THE WILLINGNESS to try new things has always benefitted Hansen. Whether it was trying out for the Pop Warner team in middle school, converting from quarterback to tight end, auditioning to be a field goal block specialist at Arizona or trying his hand in European pro leagues, Hansen was always willing to attempt something new. He had the strong desire to find a way to be near the field or court. And after having such worldly experiences at a young age, Hansen wanted to share the same enthusiasm with the kids at his former high school.
In 2004, he joined Palo Alto’s coaching staff to work with tight ends and defensive ends. Hansen spent four years coaching locally, serving as the defensive coordinator for two seasons as well. Hansen picked up tremendous experience which enabled him to catch on with another childhood favorite.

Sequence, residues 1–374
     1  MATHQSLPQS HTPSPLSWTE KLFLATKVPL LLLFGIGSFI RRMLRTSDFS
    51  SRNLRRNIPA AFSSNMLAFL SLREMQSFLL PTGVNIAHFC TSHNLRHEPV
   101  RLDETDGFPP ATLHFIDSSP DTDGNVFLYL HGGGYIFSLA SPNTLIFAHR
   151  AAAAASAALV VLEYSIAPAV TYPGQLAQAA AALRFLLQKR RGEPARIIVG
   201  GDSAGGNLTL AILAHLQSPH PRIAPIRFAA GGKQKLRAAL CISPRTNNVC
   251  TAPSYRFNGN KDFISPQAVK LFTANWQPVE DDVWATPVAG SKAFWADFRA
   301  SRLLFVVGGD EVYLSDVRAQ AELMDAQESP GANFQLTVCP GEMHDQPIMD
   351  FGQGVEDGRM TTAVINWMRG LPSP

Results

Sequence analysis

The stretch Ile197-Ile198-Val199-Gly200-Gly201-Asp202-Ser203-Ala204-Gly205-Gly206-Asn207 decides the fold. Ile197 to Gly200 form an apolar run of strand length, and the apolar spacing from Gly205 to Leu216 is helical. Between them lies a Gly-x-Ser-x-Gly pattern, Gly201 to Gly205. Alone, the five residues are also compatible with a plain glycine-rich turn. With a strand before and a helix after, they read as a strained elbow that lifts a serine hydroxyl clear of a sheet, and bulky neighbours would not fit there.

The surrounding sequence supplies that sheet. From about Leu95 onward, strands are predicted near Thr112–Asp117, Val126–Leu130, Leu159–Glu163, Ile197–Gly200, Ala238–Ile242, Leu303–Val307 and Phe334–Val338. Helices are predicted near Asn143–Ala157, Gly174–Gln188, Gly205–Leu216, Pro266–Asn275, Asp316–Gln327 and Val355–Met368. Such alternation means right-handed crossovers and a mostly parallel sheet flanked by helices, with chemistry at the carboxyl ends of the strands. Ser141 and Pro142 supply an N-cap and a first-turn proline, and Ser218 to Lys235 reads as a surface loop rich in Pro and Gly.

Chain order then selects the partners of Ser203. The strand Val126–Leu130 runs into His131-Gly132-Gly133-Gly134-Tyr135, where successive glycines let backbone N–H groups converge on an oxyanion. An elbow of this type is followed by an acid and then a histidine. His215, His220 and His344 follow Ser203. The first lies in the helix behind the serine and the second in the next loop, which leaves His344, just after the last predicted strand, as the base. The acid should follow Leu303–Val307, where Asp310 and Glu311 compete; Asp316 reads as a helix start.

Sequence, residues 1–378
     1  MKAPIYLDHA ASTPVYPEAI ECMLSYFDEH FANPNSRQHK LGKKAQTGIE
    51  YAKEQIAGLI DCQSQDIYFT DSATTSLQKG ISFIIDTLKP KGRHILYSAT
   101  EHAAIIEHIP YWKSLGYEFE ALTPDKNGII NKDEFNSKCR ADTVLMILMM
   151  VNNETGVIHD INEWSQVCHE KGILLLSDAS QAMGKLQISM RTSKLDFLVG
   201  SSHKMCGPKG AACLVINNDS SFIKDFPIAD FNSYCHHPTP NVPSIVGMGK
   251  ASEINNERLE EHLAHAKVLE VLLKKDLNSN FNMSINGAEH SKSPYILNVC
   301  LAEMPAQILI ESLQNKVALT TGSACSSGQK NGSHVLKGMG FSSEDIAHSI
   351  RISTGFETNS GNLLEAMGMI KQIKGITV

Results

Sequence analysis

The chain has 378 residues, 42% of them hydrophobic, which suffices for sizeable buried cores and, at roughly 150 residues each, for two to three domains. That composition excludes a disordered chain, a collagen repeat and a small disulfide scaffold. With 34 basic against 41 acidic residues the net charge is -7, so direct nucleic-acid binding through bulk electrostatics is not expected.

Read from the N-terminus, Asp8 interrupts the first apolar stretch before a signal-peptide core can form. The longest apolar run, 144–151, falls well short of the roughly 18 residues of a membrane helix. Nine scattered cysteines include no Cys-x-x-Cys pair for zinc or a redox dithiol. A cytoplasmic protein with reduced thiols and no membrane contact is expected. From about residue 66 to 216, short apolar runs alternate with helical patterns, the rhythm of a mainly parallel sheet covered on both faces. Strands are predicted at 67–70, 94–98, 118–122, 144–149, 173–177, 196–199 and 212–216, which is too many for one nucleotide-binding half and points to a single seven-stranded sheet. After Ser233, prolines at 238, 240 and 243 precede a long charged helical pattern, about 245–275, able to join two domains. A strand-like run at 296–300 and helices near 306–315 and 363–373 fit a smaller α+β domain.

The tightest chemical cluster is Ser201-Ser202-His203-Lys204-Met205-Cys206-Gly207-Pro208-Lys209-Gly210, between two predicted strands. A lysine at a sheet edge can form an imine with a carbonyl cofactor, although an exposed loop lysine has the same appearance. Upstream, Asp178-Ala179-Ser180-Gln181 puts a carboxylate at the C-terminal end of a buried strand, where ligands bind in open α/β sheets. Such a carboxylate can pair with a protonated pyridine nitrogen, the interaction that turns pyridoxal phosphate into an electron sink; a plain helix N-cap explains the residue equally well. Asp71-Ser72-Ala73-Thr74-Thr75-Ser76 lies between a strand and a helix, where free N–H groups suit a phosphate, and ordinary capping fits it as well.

“Joining the Stanford staff was very similar to joining the 49ers staff,” explains Hansen, “It was the local team who I grew up going to games.” After a one-year stint as a strength and conditioning intern for the Cardinal in 2008, Hansen worked the following two seasons as a defensive assistant. In 2010, Hansen aided current 49ers defensive coordinator Vic Fangio in a number of areas.
“He was a guy who I really wanted to bring over here,” says Fangio. “I was kind of insistent upon Jim [Harbaugh] doing that. We brought him over and he’s done a great job since we’ve been here.” Fangio says Hansen has a great future in coaching. The familiarity from Stanford has enabled the two to further grow the bond they built. Hansen enjoys the working relationship. “I like to tell people, whatever he wants, I try to find a way to get it done,” says Hansen. “Breaking down film is one thing. Putting his drawings into the computer for the playbook, helping out where I can with scouting reports. Basically, anything that I can get done for him, I try to do.”